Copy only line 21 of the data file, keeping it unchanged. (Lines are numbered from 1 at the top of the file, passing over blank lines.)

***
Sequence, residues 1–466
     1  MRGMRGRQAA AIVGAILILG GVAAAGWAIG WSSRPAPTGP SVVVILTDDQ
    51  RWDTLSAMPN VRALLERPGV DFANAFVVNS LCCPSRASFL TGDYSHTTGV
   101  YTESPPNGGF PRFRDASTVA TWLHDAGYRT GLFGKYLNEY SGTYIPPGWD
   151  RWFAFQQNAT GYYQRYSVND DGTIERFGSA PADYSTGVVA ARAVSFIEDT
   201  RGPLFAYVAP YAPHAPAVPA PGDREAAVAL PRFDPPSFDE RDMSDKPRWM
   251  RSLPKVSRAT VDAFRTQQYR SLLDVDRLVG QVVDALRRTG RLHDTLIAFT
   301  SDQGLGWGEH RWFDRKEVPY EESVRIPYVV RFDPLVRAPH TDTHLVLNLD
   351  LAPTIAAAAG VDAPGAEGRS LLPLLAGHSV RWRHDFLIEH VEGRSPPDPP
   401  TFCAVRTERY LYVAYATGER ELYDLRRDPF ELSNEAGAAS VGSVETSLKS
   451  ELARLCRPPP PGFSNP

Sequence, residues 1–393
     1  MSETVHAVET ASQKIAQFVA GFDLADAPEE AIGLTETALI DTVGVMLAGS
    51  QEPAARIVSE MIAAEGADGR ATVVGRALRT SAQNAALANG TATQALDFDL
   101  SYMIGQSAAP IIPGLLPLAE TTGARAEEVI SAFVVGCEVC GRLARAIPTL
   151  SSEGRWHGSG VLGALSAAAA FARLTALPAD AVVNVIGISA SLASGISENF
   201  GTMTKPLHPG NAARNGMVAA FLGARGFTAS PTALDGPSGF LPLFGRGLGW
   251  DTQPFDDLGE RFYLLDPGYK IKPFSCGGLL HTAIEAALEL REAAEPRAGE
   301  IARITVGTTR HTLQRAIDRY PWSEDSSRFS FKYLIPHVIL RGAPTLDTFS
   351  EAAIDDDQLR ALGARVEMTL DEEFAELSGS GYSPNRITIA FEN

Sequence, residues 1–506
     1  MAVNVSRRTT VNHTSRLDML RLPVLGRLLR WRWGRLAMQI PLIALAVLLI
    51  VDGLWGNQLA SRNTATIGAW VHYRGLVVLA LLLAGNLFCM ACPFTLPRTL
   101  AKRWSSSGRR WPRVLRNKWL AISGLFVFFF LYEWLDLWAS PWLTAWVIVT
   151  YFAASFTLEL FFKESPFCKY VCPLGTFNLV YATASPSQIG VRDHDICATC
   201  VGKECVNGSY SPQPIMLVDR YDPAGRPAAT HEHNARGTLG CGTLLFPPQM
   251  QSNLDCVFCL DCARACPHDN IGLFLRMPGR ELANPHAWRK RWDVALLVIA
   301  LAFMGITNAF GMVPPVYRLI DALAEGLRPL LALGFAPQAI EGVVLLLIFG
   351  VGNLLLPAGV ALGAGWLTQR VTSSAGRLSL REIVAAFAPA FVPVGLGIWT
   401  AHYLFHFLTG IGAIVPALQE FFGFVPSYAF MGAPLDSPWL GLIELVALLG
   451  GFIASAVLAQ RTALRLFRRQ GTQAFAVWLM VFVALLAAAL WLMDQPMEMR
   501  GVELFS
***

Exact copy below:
Sequence, residues 1–506